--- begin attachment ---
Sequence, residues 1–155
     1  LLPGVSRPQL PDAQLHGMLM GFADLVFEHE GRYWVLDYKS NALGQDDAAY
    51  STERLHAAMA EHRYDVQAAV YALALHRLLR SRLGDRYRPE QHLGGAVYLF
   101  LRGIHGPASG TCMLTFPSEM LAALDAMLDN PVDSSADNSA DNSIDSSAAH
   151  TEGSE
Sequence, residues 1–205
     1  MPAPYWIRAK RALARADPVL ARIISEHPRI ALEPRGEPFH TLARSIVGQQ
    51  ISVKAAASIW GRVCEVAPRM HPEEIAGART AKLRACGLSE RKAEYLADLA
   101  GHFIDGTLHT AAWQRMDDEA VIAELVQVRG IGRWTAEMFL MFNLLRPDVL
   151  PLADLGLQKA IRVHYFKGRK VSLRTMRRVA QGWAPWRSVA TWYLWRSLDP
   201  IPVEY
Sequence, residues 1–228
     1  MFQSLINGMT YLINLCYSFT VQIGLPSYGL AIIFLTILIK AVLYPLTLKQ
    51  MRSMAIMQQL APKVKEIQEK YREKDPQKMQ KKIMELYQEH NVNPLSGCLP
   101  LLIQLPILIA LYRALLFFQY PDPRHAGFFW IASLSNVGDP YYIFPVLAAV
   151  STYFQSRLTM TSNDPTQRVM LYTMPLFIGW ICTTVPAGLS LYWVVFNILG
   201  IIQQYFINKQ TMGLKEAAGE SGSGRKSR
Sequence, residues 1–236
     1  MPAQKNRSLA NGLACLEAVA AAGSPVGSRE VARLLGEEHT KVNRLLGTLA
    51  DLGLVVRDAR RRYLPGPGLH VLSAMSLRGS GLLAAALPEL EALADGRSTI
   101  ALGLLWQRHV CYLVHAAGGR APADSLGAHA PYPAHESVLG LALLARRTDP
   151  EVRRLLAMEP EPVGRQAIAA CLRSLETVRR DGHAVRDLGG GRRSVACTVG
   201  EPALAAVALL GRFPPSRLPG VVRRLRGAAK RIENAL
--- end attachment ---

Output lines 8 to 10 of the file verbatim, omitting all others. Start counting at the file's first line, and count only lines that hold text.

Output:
    51  ISVKAAASIW GRVCEVAPRM HPEEIAGART AKLRACGLSE RKAEYLADLA
   101  GHFIDGTLHT AAWQRMDDEA VIAELVQVRG IGRWTAEMFL MFNLLRPDVL
   151  PLADLGLQKA IRVHYFKGRK VSLRTMRRVA QGWAPWRSVA TWYLWRSLDP